Effect of second booster vaccinations and prior infection against SARS-CoV-2 in the UK SIREN healthcare worker cohort

Peter D. Kirwan*, Victoria J. Hall, Sarah Foulkes, Ashley D. Otter, Katie Munro, Dominic Sparkes, Anna Howells, Naomi Platt, Jonathan Broad, David Crossman, Chris Norman, Diane Corrigan, Christopher H. Jackson, Michelle Cole, Colin S. Brown, Ana Atti, Jasmin Islam, SIREN Study Group, Melanie Dembinsky, David GoldbergLynne Haahr, Annelysse Jorgenson, Ayodeji Matuluko, Desy Nuryunarsih, Lesley Price, Nicole Sergenson, Sally Stewart, Anne M. Presanis, Andre Charlett, Daniela De Angelis, Susan Hopkins

*Corresponding author for this work

Research output: Contribution to journalArticlepeer-review

2 Citations (Scopus)
9 Downloads (Pure)

Abstract

BACKGROUND: The protection of fourth dose mRNA vaccination against SARS-CoV-2 is relevant to current global policy decisions regarding ongoing booster roll-out. We aimed to estimate the effect of fourth dose vaccination, prior infection, and duration of PCR positivity in a highly-vaccinated and largely prior-COVID-19 infected cohort of UK healthcare workers.

METHODS: Participants underwent fortnightly PCR and regular antibody testing for SARS-CoV-2 and completed symptoms questionnaires. A multi-state model was used to estimate vaccine effectiveness (VE) against infection from a fourth dose compared to a waned third dose, with protection from prior infection and duration of PCR positivity jointly estimated.

FINDINGS: 1298 infections were detected among 9560 individuals under active follow-up between September 2022 and March 2023. Compared to a waned third dose, fourth dose VE was 13.1% (95% CI 0.9 to 23.8) overall; 24.0% (95% CI 8.5 to 36.8) in the first 2 months post-vaccination, reducing to 10.3% (95% CI -11.4 to 27.8) and 1.7% (95% CI -17.0 to 17.4) at 2-4 and 4-6 months, respectively. Relative to an infection >2 years ago and controlling for vaccination, 63.6% (95% CI 46.9 to 75.0) and 29.1% (95% CI 3.8 to 43.1) greater protection against infection was estimated for an infection within the past 0-6, and 6-12 months, respectively. A fourth dose was associated with greater protection against asymptomatic infection than symptomatic infection, whilst prior infection independently provided more protection against symptomatic infection, particularly if the infection had occurred within the previous 6 months. Duration of PCR positivity was significantly lower for asymptomatic compared to symptomatic infection.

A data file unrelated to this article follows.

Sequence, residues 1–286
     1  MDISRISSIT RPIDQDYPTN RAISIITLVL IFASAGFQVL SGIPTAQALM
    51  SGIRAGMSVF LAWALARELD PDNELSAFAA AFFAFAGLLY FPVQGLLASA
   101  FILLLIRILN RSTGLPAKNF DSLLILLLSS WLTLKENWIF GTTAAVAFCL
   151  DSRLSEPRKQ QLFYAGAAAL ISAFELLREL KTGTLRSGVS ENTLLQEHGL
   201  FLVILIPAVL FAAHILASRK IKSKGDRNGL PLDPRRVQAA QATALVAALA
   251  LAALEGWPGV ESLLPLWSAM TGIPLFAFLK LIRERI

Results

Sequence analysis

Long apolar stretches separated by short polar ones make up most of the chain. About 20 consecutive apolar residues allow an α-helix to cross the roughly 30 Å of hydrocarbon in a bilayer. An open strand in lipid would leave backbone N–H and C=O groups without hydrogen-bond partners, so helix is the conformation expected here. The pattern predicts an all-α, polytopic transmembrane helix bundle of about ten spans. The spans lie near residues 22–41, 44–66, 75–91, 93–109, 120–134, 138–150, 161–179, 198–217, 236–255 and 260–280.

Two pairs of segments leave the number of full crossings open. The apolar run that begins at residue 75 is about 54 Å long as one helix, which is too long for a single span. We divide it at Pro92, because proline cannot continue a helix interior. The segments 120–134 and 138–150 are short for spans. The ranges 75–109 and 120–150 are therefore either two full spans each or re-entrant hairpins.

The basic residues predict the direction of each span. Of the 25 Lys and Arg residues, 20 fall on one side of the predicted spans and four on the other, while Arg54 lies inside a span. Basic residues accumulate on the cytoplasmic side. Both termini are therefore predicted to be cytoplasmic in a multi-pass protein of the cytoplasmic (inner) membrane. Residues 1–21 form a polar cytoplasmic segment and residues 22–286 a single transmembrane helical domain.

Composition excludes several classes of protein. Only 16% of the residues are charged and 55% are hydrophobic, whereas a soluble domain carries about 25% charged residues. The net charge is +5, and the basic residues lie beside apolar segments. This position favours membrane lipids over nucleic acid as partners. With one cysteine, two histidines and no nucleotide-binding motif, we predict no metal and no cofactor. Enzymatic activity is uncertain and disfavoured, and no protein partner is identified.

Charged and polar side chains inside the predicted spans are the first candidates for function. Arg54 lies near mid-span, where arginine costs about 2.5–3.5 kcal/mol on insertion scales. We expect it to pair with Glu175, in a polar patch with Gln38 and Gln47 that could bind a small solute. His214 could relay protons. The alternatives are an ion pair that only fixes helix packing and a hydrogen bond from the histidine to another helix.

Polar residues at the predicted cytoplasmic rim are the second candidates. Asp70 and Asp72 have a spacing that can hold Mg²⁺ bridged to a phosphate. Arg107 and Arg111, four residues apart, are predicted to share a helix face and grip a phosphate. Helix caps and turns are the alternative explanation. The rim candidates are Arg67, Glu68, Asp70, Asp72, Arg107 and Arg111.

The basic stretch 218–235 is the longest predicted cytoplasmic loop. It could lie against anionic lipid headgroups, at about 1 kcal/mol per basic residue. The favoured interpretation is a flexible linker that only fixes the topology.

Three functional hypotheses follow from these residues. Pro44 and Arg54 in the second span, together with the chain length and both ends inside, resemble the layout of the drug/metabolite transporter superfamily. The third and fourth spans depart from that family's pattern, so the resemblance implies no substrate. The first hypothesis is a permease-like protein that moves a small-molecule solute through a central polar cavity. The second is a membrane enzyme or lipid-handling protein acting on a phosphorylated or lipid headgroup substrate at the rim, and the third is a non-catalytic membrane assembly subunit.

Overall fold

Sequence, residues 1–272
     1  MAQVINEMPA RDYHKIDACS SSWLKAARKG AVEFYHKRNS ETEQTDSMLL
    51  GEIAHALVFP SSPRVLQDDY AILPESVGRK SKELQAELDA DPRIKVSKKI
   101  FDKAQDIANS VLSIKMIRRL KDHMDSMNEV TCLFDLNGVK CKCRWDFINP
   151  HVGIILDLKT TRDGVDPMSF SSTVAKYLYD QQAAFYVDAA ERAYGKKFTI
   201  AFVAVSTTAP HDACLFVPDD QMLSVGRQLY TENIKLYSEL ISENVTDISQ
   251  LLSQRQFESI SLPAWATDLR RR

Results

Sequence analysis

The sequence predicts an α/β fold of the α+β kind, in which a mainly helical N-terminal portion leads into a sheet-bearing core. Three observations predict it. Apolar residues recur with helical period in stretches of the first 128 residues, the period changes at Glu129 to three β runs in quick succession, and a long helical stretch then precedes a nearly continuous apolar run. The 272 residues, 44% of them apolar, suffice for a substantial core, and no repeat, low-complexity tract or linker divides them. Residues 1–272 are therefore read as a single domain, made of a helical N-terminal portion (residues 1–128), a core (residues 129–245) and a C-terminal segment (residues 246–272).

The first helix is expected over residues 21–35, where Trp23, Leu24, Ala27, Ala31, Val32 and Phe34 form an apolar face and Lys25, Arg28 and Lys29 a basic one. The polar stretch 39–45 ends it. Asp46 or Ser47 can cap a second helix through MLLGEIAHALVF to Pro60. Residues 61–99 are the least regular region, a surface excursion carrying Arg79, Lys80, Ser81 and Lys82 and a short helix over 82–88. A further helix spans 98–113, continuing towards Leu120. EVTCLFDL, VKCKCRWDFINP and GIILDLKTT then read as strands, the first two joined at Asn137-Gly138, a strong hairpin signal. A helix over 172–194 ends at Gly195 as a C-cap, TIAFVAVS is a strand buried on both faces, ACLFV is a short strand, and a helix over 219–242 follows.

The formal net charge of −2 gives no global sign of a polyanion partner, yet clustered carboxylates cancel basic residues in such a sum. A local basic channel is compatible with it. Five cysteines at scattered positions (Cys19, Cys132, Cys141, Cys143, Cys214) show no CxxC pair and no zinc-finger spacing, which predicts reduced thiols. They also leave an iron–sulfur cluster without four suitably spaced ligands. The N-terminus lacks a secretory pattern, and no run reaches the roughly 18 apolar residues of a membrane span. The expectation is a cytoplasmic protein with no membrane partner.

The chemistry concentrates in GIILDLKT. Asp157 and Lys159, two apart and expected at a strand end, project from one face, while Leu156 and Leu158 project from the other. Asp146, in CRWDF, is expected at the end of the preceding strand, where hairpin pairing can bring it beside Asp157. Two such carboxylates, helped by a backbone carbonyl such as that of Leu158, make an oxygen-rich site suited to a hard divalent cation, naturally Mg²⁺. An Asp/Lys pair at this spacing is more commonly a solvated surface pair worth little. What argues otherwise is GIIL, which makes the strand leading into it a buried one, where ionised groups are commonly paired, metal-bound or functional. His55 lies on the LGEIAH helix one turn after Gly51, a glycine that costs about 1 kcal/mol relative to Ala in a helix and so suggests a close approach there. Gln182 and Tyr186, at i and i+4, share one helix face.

INTERPRETATION: Despite rapid waning of protection, vaccine boosters remain an important tool in responding to the dynamic COVID-19 landscape; boosting population immunity in advance of periods of anticipated pressure, such as surging infection rates or emerging variants of concern.

FUNDING: UK Health Security Agency, Medical Research Council, NIHR HPRU Oxford, Bristol, and others.

Original languageEnglish
Article number100809
Number of pages12
JournalThe Lancet Regional Health - Europe
Volume36
Early online date14 Dec 2023
DOIs
Publication statusPublished - Jan 2024

Keywords

  • Asymptomatic
  • Cohort study
  • Healthcare worker
  • SARS-CoV-2
  • Symptomatic
  • Vaccine effectiveness

ASJC Scopus subject areas

  • Internal Medicine
  • Oncology
  • Health Policy

Fingerprint

Dive into the research topics of 'Effect of second booster vaccinations and prior infection against SARS-CoV-2 in the UK SIREN healthcare worker cohort'. Together they form a unique fingerprint.

Cite this